NICE’s evaluation of drugs involves looking at the difference between how much longer a patient would live with the drug compared with previously available therapy. An adjustment is made to reflect the quality of life in each year. This approach involves the concept of a “QALY” (Quality Adjusted Life Year). If, for example, a patient taking a drug was expected to be in perfect health for the rest of his life and to live ten years but without the drug he would live only six years with half the quality of life, the drug would cause an increase in QALY of (10 – 6/2) = 7. Academics and economists differ enormously about how much a QALY is worth and what adjustment factors should be applied for quality of life under different circumstances but the Government and the drug industry have agreed that for the coming five years a QALY will have a minimum value of £20,000. In the example earlier in this paragraph the gain in QALY is 7 and is therefore considered to be worth at least £140,000. Assuming that the drug has to be taken for the rest of the patient’s life, the product is therefore worth more than £14,000 per annum. The basic idea is that NICE would recommend against the drug if it was priced too far above £14,000 per annum.

The QALY system in its simplest form has had many drawbacks. The most obvious were a lack of consensus over how much a QALY is worth, how much adjustment is appropriate for quality of life in different circumstances and how much benefit a new drug really has. The MHRA will approve a drug when it is convinced that some patients will benefit from its availability and that it is sufficiently safe. The MHRA does not need to know exactly how great the benefit is and indeed may not find out the full picture until the drug has been in widespread use for several years.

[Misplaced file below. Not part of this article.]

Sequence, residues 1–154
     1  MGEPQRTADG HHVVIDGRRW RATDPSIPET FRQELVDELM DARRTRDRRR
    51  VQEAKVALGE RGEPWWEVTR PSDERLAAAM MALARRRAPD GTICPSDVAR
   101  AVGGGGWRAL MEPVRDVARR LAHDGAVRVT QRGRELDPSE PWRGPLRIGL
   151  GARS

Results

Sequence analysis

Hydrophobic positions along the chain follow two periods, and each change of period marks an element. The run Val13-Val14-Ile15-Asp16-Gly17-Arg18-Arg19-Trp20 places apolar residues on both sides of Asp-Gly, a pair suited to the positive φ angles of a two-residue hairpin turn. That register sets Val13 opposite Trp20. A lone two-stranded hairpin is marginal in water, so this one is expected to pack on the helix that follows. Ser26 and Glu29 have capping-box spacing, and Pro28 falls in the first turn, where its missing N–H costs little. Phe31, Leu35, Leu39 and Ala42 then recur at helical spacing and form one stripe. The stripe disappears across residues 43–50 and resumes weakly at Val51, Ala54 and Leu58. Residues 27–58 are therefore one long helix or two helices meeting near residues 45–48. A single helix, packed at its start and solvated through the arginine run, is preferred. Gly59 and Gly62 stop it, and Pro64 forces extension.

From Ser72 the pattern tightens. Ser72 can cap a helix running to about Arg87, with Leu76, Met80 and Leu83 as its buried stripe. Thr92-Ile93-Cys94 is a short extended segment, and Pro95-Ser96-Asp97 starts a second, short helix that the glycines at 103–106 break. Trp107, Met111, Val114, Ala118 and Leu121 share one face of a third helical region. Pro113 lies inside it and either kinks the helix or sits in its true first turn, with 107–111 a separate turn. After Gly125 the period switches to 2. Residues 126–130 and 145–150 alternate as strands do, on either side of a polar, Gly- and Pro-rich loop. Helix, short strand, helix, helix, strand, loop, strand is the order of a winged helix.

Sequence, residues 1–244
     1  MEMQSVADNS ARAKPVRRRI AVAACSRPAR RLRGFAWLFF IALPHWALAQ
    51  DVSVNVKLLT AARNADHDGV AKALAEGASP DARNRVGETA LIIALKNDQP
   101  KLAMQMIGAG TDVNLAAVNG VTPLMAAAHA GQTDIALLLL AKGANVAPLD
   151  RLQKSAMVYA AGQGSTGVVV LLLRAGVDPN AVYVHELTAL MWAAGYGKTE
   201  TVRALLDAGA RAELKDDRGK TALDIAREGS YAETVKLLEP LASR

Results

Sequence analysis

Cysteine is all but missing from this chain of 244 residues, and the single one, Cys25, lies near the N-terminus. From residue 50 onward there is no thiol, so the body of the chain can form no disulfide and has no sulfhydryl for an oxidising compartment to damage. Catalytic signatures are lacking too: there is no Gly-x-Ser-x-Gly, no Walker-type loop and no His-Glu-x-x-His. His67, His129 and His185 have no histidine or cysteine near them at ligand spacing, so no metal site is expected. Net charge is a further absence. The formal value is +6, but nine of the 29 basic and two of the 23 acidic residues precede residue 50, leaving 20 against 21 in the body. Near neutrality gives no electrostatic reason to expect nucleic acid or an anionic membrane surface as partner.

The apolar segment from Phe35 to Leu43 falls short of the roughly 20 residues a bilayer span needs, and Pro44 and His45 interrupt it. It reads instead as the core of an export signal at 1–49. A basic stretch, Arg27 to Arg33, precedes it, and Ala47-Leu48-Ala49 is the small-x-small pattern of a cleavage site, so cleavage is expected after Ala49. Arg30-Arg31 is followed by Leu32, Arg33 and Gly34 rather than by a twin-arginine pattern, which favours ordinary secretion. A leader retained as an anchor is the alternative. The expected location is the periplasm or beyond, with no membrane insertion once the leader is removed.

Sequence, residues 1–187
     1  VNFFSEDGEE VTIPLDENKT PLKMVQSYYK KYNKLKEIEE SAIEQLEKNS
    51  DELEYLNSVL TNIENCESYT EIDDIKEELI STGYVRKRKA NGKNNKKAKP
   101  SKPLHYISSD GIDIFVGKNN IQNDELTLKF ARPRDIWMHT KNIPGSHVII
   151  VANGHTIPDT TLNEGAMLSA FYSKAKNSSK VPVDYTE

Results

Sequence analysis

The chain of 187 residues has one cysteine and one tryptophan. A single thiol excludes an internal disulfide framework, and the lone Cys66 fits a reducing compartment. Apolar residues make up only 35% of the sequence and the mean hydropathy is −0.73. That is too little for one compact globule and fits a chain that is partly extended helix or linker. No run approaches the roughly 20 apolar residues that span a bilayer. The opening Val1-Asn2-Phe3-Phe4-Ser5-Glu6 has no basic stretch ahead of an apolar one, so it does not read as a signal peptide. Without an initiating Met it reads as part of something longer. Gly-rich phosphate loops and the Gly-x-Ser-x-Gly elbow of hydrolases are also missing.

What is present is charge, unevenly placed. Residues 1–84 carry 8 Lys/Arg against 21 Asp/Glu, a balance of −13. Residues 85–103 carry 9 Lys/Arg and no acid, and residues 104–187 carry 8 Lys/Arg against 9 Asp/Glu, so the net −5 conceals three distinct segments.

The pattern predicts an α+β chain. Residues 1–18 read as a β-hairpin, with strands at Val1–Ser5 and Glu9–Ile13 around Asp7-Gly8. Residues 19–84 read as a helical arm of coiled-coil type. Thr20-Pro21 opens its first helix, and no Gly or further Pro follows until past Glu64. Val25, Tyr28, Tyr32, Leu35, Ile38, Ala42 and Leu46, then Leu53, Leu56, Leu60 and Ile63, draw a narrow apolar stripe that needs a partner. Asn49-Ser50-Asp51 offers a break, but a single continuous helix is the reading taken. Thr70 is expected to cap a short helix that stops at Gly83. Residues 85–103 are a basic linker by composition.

Another disadvantage of the simplest QALY methodologies is the lack of allowance for benefits to people other than the patient, for example, carers, employers and health professionals. The value based on the basic QALY of £20,000 can be given a discretionary boost by a factor of up to 2.5 (i.e. to a maximum of £50,000 per QALY) to take account of factors not adequately represented in the basic £20,000 QALY.

The QALY system is perhaps the most honest way of valuing a drug intellectually but can only lead to controversy because of the unavoidable subjective element and variations between patients. The simplest systems also have a bias against the elderly and people with a short life expectancy because they have fewer remaining QALYs. NICE recommends considering a “Proportionate QALY” system, under which the value of a drug would be assessed not by the absolute increase in QALY but by the percentage increase. NICE would consider the position using both methods. This methodology helps the elderly and terminally ill but the two systems support a radically different list of recommended drugs.

Many other possible approaches involving QALYs exist. For example, a “Fair Innings QALY” has been considered where the increase in QALY is calculated as a percentage if the patient’s expected whole lifetime QALY.  A large number of alternative systems could easily be devised. Value-based assessment is not a precise science. Much of the published work is no more than a selection of subjective, fashionable opinions held by some influential health economists and academics who specialise in the area. The true decisions are political, ethical and philosophical and are largely a matter of personal belief and conscience.  Is the life of a convicted terrorist really worth the same as that of a young mother? Is the quality of life of someone with Alzheimer’s disease better or worse than for a person with terminal cancer? How much is an average human life worth? The media and politicians are paying less attention to such questions than is deserved. One reason is that much of the debate appears more complex than it is because of the language in which much of the material is expressed.